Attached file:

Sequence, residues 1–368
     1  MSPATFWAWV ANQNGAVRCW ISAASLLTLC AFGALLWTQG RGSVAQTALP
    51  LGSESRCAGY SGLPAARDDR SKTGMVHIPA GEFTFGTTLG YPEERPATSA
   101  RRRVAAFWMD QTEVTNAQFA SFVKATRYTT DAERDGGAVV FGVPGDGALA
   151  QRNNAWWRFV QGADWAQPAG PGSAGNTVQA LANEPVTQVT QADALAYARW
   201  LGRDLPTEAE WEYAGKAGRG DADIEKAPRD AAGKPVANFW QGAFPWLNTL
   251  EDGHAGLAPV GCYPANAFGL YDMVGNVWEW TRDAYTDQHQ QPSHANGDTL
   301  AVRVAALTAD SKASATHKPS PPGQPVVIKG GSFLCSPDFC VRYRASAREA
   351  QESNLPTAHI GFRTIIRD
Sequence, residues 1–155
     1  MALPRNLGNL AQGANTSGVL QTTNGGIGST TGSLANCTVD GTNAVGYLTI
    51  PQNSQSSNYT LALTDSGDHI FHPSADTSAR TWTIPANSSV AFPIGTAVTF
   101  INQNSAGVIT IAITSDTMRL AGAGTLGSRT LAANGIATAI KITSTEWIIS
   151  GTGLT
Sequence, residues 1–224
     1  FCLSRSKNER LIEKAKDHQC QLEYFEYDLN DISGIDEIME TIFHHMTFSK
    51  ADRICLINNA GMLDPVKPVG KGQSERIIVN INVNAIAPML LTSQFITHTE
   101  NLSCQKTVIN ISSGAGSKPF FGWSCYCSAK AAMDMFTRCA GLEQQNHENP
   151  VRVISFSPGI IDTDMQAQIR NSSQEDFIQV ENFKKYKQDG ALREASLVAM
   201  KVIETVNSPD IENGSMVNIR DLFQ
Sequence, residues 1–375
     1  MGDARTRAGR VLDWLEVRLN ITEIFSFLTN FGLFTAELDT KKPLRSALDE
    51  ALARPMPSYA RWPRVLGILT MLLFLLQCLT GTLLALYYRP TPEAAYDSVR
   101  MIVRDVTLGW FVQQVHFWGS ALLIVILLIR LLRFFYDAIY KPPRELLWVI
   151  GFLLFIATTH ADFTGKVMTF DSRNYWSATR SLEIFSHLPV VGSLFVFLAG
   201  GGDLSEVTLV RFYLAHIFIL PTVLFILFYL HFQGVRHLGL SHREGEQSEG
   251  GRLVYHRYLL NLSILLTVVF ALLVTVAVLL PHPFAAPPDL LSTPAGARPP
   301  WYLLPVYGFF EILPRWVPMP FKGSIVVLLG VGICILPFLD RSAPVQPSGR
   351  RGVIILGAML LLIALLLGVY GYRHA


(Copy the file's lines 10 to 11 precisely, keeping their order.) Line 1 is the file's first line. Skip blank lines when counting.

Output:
Sequence, residues 1–155
     1  MALPRNLGNL AQGANTSGVL QTTNGGIGST TGSLANCTVD GTNAVGYLTI